Sunset

First place photograph by Tim Robson

Bush Tip No.3

Bring the best Binoculars you can afford and have them with you at all times

 
click on images to enlarge

Odd Behaviour


See also:
Bush Notes from Ndutu
www.ndutu.com

May 2007

In complete contrast to the last few years we had rain that has not been seen since the last El Niņo in 1998. Often very dramatic storms only lasting an hour but dropping over 100mm of rain.

The plains turned a vivid green and became full of life in all shapes and sizes. The gnus and zebras were spoilt for choice of grazing and spread out across the Serengeti. Interestingly calving was about a month late with the bulk of the 300,000 gnu calves dropping in late February and early March. European and Abdim storks arrived in their 1000's to take advantage of all the insect life and the predators were as fat as ever!

By April the weather had completely settled and the flowers carpeted the plains and woodland putting on a display not seen for years. It made a stunning backdrop for every wildlife encounter.

Maybe it was the weather or something in the grass? Animal behaviour these past few months has been very unusual. We sat on the end of Lake Ndutu in the Serengeti watching 3 gnus walking straight through the lake towards a lioness waiting patiently on the edge. We were in a wonderful position behind the lioness poised to watch an incredible piece of action. The gnus kept coming; the lioness lay as flat as a doormat. When the lead gnu was within range the lioness charged off in pursuit of it prey — the kill was inevitable. Then to our complete surprise the gnu stopped, turned towards the stunned lioness and charged her! Confused by this role reversal the lioness run off, and then decided something wasn't quite right so stormed back towards the gnu — chaos. The gnu not to be out down rushed back towards the lioness and eventually chased it off and survived to the tale. Unbelievable!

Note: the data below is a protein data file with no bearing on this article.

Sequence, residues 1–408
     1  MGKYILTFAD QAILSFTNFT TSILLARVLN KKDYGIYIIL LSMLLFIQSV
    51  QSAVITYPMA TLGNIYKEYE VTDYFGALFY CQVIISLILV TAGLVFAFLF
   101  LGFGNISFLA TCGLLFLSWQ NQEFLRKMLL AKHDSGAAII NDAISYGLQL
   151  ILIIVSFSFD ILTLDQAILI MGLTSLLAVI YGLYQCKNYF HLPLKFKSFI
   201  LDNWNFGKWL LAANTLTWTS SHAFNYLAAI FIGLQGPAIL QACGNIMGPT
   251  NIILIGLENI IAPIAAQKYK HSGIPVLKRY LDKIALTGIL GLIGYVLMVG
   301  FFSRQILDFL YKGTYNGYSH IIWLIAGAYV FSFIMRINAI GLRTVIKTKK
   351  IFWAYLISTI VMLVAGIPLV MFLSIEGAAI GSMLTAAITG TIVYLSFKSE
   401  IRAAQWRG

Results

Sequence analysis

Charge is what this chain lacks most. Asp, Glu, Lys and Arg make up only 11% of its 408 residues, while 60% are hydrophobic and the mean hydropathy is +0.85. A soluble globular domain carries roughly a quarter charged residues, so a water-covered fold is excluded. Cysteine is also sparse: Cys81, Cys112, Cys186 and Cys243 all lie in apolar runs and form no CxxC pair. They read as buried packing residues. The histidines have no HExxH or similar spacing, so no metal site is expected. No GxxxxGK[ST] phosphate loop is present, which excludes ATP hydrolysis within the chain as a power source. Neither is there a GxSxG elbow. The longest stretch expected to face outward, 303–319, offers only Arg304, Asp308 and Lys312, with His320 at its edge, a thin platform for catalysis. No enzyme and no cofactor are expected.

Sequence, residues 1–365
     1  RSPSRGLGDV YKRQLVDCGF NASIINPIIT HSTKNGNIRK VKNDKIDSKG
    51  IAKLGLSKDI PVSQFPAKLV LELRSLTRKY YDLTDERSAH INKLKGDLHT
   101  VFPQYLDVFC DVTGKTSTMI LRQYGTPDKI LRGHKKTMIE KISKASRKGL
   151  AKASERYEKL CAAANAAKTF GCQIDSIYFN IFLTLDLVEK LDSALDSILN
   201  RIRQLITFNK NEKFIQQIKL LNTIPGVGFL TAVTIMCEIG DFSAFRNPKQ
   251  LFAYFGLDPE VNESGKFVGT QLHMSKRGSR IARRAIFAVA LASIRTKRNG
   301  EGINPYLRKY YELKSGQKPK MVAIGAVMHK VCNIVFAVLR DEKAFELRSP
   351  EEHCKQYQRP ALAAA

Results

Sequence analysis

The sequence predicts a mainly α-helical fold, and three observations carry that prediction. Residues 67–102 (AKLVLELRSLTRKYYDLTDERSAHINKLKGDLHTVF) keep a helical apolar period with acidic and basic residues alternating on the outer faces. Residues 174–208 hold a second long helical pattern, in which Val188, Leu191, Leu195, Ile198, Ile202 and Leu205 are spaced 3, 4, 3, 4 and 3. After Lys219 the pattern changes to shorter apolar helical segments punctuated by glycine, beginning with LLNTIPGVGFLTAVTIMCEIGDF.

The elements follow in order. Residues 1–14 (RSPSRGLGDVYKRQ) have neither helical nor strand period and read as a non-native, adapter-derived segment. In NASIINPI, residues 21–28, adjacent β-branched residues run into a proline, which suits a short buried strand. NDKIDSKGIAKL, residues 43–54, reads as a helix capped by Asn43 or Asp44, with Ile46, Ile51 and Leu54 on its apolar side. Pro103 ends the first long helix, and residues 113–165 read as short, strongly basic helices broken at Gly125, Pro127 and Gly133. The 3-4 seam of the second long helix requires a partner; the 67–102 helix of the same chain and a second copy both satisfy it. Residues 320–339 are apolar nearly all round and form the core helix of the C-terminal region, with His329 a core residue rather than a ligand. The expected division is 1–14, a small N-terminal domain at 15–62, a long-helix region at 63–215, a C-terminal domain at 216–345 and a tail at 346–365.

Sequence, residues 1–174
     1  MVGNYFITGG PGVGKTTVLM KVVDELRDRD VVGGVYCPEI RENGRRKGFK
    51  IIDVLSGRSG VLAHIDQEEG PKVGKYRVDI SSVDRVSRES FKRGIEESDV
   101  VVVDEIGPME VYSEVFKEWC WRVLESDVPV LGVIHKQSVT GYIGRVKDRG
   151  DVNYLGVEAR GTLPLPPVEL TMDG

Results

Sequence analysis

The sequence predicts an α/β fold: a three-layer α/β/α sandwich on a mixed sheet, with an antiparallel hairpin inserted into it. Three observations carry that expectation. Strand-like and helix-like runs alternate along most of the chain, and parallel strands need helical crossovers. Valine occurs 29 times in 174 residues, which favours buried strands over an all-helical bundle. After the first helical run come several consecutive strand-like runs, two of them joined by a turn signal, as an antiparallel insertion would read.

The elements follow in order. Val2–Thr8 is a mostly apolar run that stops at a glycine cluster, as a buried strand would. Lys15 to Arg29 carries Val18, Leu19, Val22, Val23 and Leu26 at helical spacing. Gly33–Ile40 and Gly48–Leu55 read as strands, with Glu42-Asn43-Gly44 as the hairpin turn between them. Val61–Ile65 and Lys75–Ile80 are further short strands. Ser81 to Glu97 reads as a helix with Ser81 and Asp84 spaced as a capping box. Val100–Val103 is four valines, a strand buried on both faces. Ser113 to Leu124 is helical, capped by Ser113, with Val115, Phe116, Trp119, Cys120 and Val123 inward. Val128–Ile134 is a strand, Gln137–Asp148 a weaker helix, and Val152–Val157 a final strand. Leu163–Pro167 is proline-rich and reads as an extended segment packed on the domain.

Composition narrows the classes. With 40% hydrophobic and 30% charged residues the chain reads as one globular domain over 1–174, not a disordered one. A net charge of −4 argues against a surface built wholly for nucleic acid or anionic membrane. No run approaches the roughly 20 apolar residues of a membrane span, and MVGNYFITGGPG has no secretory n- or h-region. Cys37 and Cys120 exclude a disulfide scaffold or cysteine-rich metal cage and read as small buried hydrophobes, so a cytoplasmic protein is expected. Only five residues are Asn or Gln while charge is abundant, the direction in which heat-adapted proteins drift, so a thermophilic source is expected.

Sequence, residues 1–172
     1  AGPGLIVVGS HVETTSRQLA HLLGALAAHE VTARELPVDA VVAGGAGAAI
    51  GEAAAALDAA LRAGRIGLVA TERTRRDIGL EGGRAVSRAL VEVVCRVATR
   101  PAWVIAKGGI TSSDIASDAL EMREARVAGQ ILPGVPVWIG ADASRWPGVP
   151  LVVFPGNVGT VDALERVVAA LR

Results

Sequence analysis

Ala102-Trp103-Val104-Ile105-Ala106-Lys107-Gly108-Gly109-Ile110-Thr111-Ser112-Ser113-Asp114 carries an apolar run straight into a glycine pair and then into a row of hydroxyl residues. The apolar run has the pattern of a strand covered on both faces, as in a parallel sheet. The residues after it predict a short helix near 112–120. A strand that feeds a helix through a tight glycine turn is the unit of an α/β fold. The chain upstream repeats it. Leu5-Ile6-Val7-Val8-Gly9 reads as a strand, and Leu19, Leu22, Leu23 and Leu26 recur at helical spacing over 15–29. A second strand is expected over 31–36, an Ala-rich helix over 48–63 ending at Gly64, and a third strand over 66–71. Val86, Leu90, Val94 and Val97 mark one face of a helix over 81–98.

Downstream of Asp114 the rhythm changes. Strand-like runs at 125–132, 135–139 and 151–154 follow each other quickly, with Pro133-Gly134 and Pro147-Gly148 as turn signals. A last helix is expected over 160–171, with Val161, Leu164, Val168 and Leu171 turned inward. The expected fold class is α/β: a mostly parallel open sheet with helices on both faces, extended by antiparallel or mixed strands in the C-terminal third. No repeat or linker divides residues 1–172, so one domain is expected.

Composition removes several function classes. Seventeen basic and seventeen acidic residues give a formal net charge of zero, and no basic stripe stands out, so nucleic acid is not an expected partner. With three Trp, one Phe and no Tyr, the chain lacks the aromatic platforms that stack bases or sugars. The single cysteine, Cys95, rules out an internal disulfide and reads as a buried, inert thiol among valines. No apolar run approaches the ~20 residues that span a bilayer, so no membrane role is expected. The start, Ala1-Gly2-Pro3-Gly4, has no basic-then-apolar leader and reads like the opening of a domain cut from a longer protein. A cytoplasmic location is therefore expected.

Another huge highlight has been the continued viewing of African Hunting Dogs in the Gol Mountains. The initial group of 18 has split into 2 groups. 12 of which have been seen frequently between Nasera rock and Piaya and the other 6 further east. When I left the group of 12 in late April the alpha female was looking very pregnant so with luck they should be dening very soon? A wonderful comeback for the dogs that were last seen in this are about 18 years ago!

More interesting behaviour of the bird kind just before Mothers Day! Over a period of 5 days we watched a Giant Eagle Owl youngster sit in a tree and cry out in abandonment for Mum and Dad who were sitting a few trees away completely ignoring these plaintive calls. As it was the onset of the next breeding season Mum and dad wanted the youngster to move and to rub salt into the wound were seen mating to reinforce the point!!

The rut of the gnus is now in full swing and we expect the main migration to start heading west very soon with the onset of the dry season. We'll also move camps west following the herds as well as venturing south to Ruaha, Katavi and Mahale to make the most of the fantastic game viewing in the dry season.